It Looks Like Alexander Hamilton Was Not, In Fact, Some Heroic Proto-Abolitionist
As a diversion from the ongoing, rolling calamity that is the presidential transition, there are a couple of fascinating studies in revisionist history elsewhere. The first involves Alexander Hamilton, star of stage and screen. One of the more troublesome aspects of the Smash Hit Musical was its portrayal of Hamilton as a kind of proto-abolitionist. Now, it seems, that aspect is even more of a problem. From the New York Times:
In the paper, titled “‘As Odious and Immoral a Thing’: Alexander Hamilton’s Hidden History as an Enslaver,” Jessie Serfilippi, a historical interpreter at the mansion, examines letters, account books and other documents. Her conclusion — about Hamilton, and what she suggests is wishful thinking on the part of many of his modern-day admirers — is blunt. “Not only did Alexander Hamilton enslave people, but his involvement in the institution of slavery was essential to his identity, both personally and professionally,” she writes. “It is vital,” she adds, “that the myth of Hamilton as ‘the Abolitionist Founding Father’ end.”
Annette Gordon-Reed and Joanne Freeman, both respected scholars of the founding era—Gordon-Reed won a Pulitzer for her work on Thomas Jefferson and the Hemings family, and Freeman is the editor of the Hamilton papers for the Library of America—are quoted as supporting Serfilippi's work as yet another step in the country's overdue reckoning with how thoroughly saturated by the slave economy the first years of the republic were. In fact, as long as we're talking Broadway musicals, the showstopper "Molasses to Rum" from 1776, in which Edward Rutledge of South Carolina arraigns his northern colleagues for their "high-pocrisy" on the subject, may be closer to the truth of things than the more recent sensation was.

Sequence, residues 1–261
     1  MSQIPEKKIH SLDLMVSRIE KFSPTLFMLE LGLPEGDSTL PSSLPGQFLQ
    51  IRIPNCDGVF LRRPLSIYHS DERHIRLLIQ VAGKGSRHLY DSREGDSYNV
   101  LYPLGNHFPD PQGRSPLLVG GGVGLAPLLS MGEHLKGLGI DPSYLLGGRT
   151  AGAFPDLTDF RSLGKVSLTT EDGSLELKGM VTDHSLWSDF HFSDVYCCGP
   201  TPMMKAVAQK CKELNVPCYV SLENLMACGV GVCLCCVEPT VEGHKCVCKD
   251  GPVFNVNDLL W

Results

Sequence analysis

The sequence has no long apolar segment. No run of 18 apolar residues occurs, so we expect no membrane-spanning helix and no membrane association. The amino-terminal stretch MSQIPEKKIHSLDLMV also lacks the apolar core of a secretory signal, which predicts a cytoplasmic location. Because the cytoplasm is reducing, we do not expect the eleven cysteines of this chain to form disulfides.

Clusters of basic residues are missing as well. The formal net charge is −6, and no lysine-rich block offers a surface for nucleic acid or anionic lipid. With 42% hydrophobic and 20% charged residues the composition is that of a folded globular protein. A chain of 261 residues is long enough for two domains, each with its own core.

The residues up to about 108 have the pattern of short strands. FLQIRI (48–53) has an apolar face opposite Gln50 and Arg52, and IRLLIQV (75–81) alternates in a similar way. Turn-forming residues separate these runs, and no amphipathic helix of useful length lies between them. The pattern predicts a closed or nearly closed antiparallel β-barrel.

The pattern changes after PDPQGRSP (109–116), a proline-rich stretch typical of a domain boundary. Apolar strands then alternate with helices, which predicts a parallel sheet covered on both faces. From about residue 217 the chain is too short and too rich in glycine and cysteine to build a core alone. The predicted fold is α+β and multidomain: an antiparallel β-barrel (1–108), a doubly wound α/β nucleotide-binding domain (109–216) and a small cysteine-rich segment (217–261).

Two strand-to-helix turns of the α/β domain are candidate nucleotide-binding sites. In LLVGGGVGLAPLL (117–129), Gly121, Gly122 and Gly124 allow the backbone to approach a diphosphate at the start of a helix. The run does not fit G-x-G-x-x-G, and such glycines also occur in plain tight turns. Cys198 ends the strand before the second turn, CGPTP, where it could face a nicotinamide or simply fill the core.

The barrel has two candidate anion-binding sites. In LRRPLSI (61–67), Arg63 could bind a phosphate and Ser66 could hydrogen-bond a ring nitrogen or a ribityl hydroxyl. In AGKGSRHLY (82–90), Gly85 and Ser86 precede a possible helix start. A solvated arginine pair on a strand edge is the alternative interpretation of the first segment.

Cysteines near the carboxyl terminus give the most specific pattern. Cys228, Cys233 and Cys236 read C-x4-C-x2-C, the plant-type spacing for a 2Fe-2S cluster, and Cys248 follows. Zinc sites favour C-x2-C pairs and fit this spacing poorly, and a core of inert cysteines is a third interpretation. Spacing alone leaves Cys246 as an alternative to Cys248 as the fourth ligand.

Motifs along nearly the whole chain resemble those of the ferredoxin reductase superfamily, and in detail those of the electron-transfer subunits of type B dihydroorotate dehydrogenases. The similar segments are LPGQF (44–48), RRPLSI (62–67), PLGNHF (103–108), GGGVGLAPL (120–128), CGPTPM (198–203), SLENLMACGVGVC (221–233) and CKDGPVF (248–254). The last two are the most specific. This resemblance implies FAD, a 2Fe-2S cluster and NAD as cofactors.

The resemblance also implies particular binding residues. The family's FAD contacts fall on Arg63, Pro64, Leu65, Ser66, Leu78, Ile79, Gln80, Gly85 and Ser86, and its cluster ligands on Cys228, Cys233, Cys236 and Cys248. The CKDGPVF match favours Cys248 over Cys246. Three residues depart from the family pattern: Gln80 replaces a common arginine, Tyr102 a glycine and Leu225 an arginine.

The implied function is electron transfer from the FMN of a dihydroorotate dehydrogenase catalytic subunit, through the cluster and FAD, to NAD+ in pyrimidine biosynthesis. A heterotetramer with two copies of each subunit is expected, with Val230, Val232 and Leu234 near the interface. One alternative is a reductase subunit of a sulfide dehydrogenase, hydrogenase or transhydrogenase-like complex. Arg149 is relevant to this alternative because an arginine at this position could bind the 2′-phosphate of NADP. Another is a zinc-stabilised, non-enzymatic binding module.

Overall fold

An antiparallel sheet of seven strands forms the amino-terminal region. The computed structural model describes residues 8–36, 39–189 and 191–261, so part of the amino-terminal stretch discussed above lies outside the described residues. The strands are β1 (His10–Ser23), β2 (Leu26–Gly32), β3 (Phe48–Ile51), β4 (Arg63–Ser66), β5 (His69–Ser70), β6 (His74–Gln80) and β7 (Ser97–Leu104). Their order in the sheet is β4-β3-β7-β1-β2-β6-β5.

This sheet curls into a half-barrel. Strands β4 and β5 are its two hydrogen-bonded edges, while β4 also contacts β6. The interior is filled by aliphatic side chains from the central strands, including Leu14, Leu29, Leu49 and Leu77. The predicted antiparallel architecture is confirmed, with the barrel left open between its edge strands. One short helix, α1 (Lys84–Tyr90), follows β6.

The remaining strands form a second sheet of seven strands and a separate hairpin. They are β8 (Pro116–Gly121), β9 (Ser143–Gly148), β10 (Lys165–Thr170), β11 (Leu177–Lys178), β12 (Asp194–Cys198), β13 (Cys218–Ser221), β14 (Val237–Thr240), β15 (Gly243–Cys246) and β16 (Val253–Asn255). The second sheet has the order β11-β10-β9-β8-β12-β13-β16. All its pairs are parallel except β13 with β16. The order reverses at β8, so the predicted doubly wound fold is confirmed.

Travis Bowman, the senior curator for the New York State Bureau of Historic Sites, who supervised the internal review of Ms. Serfilippi’s paper, said the relative lack of research on enslaved people in Hamilton’s household partly reflects the overall paucity of scholarship on Northern slavery. And the complexities of gradual abolition (New York’s gradual abolition law of 1799 phased slavery out over decades) makes tracking enslaved people, and clearly determining their status, particularly difficult. “It’s a very odd period,” Mr. Bowman said. “Many people were granting half-freedom. If enslaved people walked away, they didn’t go after them.”
The other story dings up the halo of the man now called St. John Paul II. A Vatican report indicates that JPII was fully aware of the allegations of sexual abuse against Cardinal Theodore McCarrick, former archbishop of Washington, D.C. for decades, and did nothing about them. From the Washington Post:
The report, released two years after Pope Francis authorized an internal investigation, represents the Vatican’s most comprehensive effort to provide transparency about a major abuse case and provides a stunning play-by-play of how church leaders disregarded clues about McCarrick’s misconduct, believed “church men” over victims, and tried to keep any discipline modest and private. John Paul II was informed in 1999 that the then-bishop shared a bed with young seminarians but decided nonetheless to appoint McCarrick as archbishop of Washington and later name him as a cardinal.
The official alibi seems to be that JP II was lied to and misled about McCarrick and, in truth, none of the last three popes come off looking very good, although Papa Francesco finally did move on the guy. The reasons seem to have been closer to earth than to heaven.
He also earned clout as a formidable church fundraiser, giving money not just to charities but also directly to other clerics — including the ones in the Vatican who would have been involved in assessing the misconduct claims against him. According to the report, there was no evidence “that McCarrick’s gift-giving and donations impacted significant decisions made by the Holy See regarding McCarrick during any period.”
As a longtime connoisseur of euphemisms for "bribery," I have to admit that's a corker right there.
This story originally appeared on Esquire.com. Minor edits have been made by the Esquiremag.ph editors.